Thursday, February 12, 2015

Kabbalah, Qabalah, Cabala

Long before there were religious concepts of good and evil there was magic. In this magic-pool arose an occult philosophy called the cabala. The name is from Hebrew qibbel, which means to receive, and signifies “knowledge handed down by tradition.” For a while it was the secret practice of the Jews. By the time it was introduced into Christianity it brought with it a complex vocabulary and a language of theology, contributing fresh elements to which Christians attached great importance. The cabala supplied mysticism with attractive formulas: The 10 Sephiroth (Numerations), The 32 Ways to Wisdom, The Fifty Doors of Knowledge. Many angels of which there is no mention in the Bible were named. It provided seventy-two names of the deity, appealing to the imagination of seekers about forbidden mysteries. These divine names were introduced into all the ceremonies of sorcery and magic. (720 = 1/5 of a circle, one point of a pentagram)

The cabala is much older than most think. It is likely from before 4000 BC and began as a record of knowledge which was passed on through generations by oral tradition – in accord with the meaning of the Hebrew word. The cabala’s Sephirotic Tree is a descendant of Yggdrasil, from which come all World Trees, Cosmic Trees, and Trees of Life; they are symbols of the mystery of life, death, and regeneration. Depicted with ten circles and three columns, the Sephirotic Tree represents state and information spaces. Every thing is a state-space. Living things are state-spaces with information-spaces in them (Duncan-Enzmann). From the highest to the lowest, the circles on the Sephirotic Tree denote the source-of-all, to the kingdom-of-earth. Knowledge of these concepts opens doors to higher worlds for those who possess it; the cabala attracted both the most elevated of philosophers and the more vulgar practitioners to its esoteric nature. It had influence on the highest and lowest of occult sciences.

The cabala was considered the exposition of a great secret, a mystical and religious system of philosophy. The human body was believed to be an expression of ten globes, or spheres of brilliant colored light; these globes define the limits of the creative essence. Forming a tree of luminous beauty arranged in three columns – Judgment, Mildness, and Mercy – the globes, columns, and twenty-two pathways between them are all part of the Sephirotic Tree which is one of the major features of cabalism. It is perhaps the most accurate and significant color chart in mysticism.

The cabala is the union of ideas and signs; a trinity of words, letters, and numbers. It is comprised of ten ciphers, twenty two letters, a triangle, square, and circles. Twenty-two connecting channels equate to the Hebrew alphabet; add the ten globes to make thirty-two, which represents the thirty-two nerves that branch out from the divine brain (symbolism found in the 32nd degree of Freemasonry). Color symbolism is important in all systems of magic. The cabala’s sephiroth are white, black, gray, red, blue, yellow, orange, green, purple, and one circle of gold, olive, black, and russet. The iridescent beautiful colors of the globes each represent a human concept. 

Although the Christian cabala was little known, its advocates adapted it to every branch of philosophy, and with it attempted to explain all the mysteries of the world, from stars to life essence. Medieval thinkers such as Agrippa, Paracelsus, and Fludd, perhaps through fear of persecution or the love of things secret and hidden, surrounded this doctrine with illusive mystery, proclaiming it profane and forbidden – reserved only for an elect few. Magicians, adepts, initiates, or cabalists, by whatever name you call them, attempted to penetrate problems which theology could not.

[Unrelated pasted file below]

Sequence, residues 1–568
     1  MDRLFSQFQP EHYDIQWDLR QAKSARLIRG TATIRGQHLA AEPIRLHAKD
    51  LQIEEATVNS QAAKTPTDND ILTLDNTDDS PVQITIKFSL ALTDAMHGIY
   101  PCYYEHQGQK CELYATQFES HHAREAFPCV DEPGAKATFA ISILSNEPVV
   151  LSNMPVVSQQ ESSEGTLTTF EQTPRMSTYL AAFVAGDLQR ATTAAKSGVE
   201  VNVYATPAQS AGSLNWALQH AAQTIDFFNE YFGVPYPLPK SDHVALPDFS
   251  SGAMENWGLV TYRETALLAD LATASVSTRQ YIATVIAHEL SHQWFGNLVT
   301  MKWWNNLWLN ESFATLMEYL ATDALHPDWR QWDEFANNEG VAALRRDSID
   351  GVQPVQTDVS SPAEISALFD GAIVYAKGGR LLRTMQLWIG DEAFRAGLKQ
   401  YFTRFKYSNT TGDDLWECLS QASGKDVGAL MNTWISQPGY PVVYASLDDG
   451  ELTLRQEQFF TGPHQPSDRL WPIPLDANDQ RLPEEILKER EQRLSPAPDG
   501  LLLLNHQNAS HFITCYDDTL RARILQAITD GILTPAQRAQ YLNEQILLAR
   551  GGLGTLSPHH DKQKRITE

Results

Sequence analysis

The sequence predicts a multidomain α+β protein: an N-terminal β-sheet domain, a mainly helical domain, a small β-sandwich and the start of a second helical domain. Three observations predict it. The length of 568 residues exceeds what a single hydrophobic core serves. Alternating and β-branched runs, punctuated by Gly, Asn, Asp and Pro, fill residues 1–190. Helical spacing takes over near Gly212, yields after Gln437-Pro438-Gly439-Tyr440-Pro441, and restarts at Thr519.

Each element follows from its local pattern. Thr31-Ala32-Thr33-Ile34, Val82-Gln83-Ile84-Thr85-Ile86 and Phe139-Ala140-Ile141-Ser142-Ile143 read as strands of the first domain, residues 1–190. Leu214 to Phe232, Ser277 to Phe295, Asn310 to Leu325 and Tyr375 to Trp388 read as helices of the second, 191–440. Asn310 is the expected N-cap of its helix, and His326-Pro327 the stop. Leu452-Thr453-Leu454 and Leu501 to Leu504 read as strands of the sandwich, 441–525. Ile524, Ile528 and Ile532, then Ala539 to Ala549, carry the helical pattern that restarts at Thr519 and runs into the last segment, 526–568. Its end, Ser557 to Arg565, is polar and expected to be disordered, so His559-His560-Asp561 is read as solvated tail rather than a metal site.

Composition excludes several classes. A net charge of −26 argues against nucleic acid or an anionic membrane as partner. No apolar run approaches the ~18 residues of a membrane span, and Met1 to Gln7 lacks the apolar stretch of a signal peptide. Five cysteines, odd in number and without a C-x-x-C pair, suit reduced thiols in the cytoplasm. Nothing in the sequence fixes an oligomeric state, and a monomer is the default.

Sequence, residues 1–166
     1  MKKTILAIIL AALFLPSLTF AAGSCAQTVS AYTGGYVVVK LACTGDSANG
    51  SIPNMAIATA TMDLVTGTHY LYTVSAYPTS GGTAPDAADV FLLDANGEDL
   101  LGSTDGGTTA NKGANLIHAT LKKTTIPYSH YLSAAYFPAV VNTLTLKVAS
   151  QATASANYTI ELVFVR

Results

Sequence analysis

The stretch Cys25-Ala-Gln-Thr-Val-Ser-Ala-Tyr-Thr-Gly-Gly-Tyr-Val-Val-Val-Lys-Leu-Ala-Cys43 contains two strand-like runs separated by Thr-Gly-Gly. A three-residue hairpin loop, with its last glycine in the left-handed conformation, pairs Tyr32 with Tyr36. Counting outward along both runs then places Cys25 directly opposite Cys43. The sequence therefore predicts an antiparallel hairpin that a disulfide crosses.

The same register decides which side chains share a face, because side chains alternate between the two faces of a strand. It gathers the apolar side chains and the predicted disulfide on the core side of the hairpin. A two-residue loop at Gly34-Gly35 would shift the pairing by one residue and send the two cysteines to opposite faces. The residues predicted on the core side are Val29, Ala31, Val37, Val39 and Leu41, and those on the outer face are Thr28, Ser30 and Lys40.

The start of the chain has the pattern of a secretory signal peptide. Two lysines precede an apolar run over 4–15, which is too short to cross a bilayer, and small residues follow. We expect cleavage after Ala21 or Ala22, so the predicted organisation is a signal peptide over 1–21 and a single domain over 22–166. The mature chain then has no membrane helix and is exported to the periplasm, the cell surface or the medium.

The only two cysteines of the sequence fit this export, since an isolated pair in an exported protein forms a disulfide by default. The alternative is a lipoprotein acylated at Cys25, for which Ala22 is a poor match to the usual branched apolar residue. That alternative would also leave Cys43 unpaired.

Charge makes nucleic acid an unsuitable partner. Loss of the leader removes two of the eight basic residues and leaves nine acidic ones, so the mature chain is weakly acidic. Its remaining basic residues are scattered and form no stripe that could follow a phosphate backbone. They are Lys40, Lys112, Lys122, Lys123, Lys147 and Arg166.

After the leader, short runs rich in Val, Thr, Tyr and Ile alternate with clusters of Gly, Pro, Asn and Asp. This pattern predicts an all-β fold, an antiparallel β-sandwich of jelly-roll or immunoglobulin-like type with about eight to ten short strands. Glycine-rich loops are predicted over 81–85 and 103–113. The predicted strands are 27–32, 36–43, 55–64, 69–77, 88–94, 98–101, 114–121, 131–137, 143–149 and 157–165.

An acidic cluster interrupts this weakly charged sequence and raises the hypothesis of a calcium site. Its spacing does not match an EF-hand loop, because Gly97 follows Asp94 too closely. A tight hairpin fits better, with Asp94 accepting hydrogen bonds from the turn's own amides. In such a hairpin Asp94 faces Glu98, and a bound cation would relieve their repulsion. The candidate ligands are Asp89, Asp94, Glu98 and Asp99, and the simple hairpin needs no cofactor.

In the 17th century Jacob Boehme, a German shoemaker-theologian, combined the notions of cabala with Christian mysticism. He had a small number of adepts and until the nineteenth century was almost unknown. In this 1675 portrait, the eminent theosopher is surrounded by pentacles and alchemic-cabalistic emblems which link the mysteries of religion and the principles of magic together.

Today organizations like The Kabbalah Centre offer training in “the world’s oldest body of spiritual wisdom,” opening the hidden keys to the secrets of the universe and mysteries of heart and soul. They promise that if you don’t just learn, but use this wondrous information you will gain clarity and freedom, remove suffering and pain – ultimately erase death itself. What began as a system of recorded natural observation more than 6000 years ago has evolved into a doctrine of magic and immortality; what was secret and forbidden for hundreds of years has incubated, and emerged as a cure for all humanity's ailments.  

Michelle Paula Snyder
Michelle Snyder is a professor of mythology, and an author, publisher, speaker, and artist. She  did her post-graduate research at the University of Wales, decoding ancient and prehistoric symbolism, mythology, folklore, and fairy tales.  Her artwork has appeared in galleries from Massachusetts to California. Michelle is co-owner of White Knight Studio.

Symbologist Michelle Snyder
Non-Fiction - Symbology:
Symbology: Decoding Classic Images
Symbology: Decoding Symbols through History
Symbology: Fairy Tales Uncovered
Symbology: Art and Symbols
Symbology: Hidden in Plain Sight
Symbology: ReVision
Symbology: World of Symbols
Symbology: Secrets of the Mermaids

Michelle Paula Snyder
Fiction – Fantasy Wonder Tales:
The Fairy Tales: Once Upon a Time Lessons, First Book
Call of the Dragon and other Tales of Wonder
A Tale of Three Kingdoms, book one: The Lost Unicorn
 A Tale of Three Kingdoms, book two The Lost Mermaid 
A Tale of Three Kingdoms, book three The Lost Dragon

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